Contrary to popular belief, raising tax rates on “the rich” doesn’t generate more revenue for the government, at least not the amount most people seem to think it will. One of the reasons why is because the ultra-rich don’t have a traditional income, as Jesse Drucker points out:
Much of the top 400’s income is from dividends and capital gains, generated by everything from appreciated real estate—yes, there is some left—to stocks and the sale of family businesses. As Warren Buffett likes to point out, since most of his income is from dividends, his tax rate is less than that of the people who clean his office.
The true effective rate for multimillionaires is actually far lower than that indicated by official government statistics. That’s because those figures fail to include the additional income that’s generated by many sophisticated tax-avoidance strategies. Several of those techniques involve some variation of complicated borrowings that never get repaid, netting the beneficiaries hundreds of millions in tax-free cash. From 2003 to 2008, for example, Los Angeles Dodgers owner and real estate developer Frank H. McCourt Jr. paid no federal or state regular income taxes, as stated in court records dug up by the Los Angeles Times. Developers such as McCourt, according to a declaration in his divorce proceeding, “typically fund their lifestyle through lines of credit and loan proceeds secured by their assets while paying little or no personal income taxes.” A spokesman for McCourt said he availed himself of a tax code provision at the time that permitted purchasers of sports franchises to defer income taxes.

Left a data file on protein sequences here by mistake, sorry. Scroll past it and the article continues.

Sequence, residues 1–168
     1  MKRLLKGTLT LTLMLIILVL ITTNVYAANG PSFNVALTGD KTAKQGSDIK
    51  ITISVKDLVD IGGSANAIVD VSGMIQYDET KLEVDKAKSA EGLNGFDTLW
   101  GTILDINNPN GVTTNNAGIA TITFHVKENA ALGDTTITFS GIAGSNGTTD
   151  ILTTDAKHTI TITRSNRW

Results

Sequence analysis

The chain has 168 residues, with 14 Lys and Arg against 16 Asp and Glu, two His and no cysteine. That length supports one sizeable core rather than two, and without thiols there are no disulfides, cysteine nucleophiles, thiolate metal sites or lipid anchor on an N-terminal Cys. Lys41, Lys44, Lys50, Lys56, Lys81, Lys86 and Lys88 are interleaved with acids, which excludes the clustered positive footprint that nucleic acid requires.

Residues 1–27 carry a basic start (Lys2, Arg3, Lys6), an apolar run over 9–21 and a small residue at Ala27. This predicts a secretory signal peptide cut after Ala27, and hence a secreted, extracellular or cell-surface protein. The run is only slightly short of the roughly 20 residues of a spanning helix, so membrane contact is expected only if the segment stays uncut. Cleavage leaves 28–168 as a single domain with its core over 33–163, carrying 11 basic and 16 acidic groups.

This is a prime example as to why we need comprehensive tax reform – like The Fair Tax. Maintaining a system that allows for abuse and manipulation only for those able to afford specialists but denies the majority of the population the same consideration serves no one in the end.